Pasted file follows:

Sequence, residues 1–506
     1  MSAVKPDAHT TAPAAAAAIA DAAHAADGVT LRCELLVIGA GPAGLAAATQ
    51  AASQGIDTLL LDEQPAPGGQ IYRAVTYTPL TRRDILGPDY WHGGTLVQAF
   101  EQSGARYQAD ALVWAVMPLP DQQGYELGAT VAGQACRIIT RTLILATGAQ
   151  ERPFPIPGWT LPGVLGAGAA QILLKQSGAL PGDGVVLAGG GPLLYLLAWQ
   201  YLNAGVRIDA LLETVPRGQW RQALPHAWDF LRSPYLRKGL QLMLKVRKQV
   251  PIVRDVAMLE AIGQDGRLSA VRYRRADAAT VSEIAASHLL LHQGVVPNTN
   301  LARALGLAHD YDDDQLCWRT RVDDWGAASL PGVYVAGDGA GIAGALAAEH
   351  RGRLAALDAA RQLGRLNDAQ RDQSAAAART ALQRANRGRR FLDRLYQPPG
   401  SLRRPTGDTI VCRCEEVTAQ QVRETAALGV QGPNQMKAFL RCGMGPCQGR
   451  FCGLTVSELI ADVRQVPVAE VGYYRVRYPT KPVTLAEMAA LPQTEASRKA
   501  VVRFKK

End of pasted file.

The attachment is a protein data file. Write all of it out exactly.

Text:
Sequence, residues 1–506
     1  MSAVKPDAHT TAPAAAAAIA DAAHAADGVT LRCELLVIGA GPAGLAAATQ
    51  AASQGIDTLL LDEQPAPGGQ IYRAVTYTPL TRRDILGPDY WHGGTLVQAF
   101  EQSGARYQAD ALVWAVMPLP DQQGYELGAT VAGQACRIIT RTLILATGAQ
   151  ERPFPIPGWT LPGVLGAGAA QILLKQSGAL PGDGVVLAGG GPLLYLLAWQ
   201  YLNAGVRIDA LLETVPRGQW RQALPHAWDF LRSPYLRKGL QLMLKVRKQV
   251  PIVRDVAMLE AIGQDGRLSA VRYRRADAAT VSEIAASHLL LHQGVVPNTN
   301  LARALGLAHD YDDDQLCWRT RVDDWGAASL PGVYVAGDGA GIAGALAAEH
   351  RGRLAALDAA RQLGRLNDAQ RDQSAAAART ALQRANRGRR FLDRLYQPPG
   401  SLRRPTGDTI VCRCEEVTAQ QVRETAALGV QGPNQMKAFL RCGMGPCQGR
   451  FCGLTVSELI ADVRQVPVAE VGYYRVRYPT KPVTLAEMAA LPQTEASRKA
   501  VVRFKK